First question: In java script if we do.

```
0.2 + 0.1
=>0.30000000000000004
```

Because 0.2,0.1 are rounded off to different number and also the sum is rounded of to a different number This article explains the behind the scenes.I understand this but when i do.

```
0.3 + 0
=>0.3
```

It shows 0.3 why? 0.3 cannot be exactly represented in binary right and it should be rounded to different number right?.

so the value of 0.3 + 0 should be the rounded number of 0.3 and the sum if needed?.

Second question:

when we do.

```
let x = 0.3
```

As 0.3 cannot be represented exactly in binary it is rounded of to another number but when you access the variable x why does it show 0.3 but not the actual rounded of number.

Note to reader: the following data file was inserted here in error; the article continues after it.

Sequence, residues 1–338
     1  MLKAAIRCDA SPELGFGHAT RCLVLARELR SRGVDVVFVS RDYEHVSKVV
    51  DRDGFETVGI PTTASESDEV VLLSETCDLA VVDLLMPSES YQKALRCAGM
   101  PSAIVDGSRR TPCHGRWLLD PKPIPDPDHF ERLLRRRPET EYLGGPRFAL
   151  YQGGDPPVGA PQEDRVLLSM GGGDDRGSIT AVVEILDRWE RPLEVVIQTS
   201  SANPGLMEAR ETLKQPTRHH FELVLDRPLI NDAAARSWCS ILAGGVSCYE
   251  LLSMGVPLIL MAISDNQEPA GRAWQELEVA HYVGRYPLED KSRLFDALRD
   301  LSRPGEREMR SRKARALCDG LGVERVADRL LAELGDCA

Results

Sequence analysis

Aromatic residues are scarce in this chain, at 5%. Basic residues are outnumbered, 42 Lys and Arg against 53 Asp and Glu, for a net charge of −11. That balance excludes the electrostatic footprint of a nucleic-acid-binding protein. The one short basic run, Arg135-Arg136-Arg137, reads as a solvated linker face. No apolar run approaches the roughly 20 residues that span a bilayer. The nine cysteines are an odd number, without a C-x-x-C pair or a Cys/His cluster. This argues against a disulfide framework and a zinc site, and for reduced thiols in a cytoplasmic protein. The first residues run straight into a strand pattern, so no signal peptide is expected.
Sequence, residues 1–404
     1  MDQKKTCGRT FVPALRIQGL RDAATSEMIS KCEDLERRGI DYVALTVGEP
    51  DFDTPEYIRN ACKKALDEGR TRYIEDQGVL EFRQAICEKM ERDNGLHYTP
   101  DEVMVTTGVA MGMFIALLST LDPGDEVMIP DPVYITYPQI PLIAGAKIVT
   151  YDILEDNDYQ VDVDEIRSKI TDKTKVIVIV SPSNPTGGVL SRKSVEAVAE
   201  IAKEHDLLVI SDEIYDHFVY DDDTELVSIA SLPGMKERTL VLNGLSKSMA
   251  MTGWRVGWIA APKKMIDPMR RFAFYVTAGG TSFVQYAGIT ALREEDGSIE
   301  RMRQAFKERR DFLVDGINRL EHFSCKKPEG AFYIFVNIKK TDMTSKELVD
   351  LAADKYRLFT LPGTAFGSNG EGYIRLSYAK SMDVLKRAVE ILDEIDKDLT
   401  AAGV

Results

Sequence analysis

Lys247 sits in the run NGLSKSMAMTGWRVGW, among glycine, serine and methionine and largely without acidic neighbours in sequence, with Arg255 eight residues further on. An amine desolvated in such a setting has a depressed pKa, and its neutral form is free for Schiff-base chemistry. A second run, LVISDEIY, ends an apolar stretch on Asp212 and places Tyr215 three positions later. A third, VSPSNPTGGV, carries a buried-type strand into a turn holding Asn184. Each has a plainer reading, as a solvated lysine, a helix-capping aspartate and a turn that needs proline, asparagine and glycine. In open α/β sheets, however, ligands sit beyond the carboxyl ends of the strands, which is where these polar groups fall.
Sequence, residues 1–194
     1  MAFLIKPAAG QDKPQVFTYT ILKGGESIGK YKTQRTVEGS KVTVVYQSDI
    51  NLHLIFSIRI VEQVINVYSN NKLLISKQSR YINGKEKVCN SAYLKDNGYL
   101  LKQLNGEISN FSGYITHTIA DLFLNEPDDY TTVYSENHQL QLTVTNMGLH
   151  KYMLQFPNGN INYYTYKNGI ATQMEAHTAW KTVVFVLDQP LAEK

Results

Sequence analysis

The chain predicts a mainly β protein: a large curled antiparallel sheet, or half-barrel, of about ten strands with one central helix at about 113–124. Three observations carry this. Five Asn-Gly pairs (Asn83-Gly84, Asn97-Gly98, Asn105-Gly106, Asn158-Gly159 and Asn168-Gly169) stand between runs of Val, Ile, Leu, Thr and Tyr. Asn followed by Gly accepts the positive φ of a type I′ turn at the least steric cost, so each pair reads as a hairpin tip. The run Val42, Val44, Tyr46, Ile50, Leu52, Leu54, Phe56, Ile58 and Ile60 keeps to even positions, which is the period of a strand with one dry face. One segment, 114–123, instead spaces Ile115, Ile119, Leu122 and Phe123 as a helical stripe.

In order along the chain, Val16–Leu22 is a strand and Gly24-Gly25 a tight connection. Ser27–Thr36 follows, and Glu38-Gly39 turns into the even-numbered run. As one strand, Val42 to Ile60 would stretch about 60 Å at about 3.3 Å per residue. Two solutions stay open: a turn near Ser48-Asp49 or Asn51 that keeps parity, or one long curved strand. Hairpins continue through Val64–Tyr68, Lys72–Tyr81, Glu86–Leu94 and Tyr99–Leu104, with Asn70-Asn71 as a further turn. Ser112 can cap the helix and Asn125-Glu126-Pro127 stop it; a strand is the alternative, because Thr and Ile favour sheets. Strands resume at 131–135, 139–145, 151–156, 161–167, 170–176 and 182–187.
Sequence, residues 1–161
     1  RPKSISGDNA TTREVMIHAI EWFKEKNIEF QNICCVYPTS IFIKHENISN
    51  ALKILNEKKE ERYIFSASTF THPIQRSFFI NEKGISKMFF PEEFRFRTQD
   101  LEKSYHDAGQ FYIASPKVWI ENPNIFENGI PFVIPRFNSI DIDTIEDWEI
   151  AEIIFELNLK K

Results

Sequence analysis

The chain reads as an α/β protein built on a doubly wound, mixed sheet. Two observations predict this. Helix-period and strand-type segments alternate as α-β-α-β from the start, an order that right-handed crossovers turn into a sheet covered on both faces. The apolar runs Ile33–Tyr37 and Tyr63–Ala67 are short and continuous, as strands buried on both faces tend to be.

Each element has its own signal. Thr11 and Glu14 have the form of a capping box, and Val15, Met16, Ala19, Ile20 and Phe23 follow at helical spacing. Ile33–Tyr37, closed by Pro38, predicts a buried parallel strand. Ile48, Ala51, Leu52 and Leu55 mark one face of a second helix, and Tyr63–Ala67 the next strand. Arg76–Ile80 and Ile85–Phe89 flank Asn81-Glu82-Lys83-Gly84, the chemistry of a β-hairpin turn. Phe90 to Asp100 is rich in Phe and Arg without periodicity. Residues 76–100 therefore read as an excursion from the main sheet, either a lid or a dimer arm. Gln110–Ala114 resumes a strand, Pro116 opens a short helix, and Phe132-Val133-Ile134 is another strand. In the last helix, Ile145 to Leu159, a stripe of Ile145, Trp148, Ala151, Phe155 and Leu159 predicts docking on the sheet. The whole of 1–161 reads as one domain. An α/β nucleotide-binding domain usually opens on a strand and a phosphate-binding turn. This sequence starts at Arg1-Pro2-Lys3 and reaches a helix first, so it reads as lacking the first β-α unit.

```
x
=>0.3
```

But when you do.

```
0.2 + 0.1
=>0.30000000000000004
```

It shows the actual rounded of number but not 0.3. Kindly explain.

·

Juan Pablo Isaza

The value you get when you add `0.1`

and `0.2`

and the value you get from the literal `0.3`

are *different* values (neither of which is exactly 3/10ths, both of which are very near it). (Adding `0`

doesn't matter, it doesn't change the value of the number it's being added to.) The one you get from `0.1 + 0.2`

is just barely *over* 3/10ths; the one you get from `0.3`

(if I recall correctly) is just *under* 3/10ths.

When converting a floating point number to text, JavaScript follows the common practice of only including as many digits as are required to differentiate it from the next nearest value the format can represent (details in the spec and in the academic paper the spec references). `0.3`

doesn't need any additional digits for that differentiation, but `0.30000000000000004`

does (I'm guessing to differentiate it from `0.3`

, but I don't actually know that).

·
Juan Pablo Isaza
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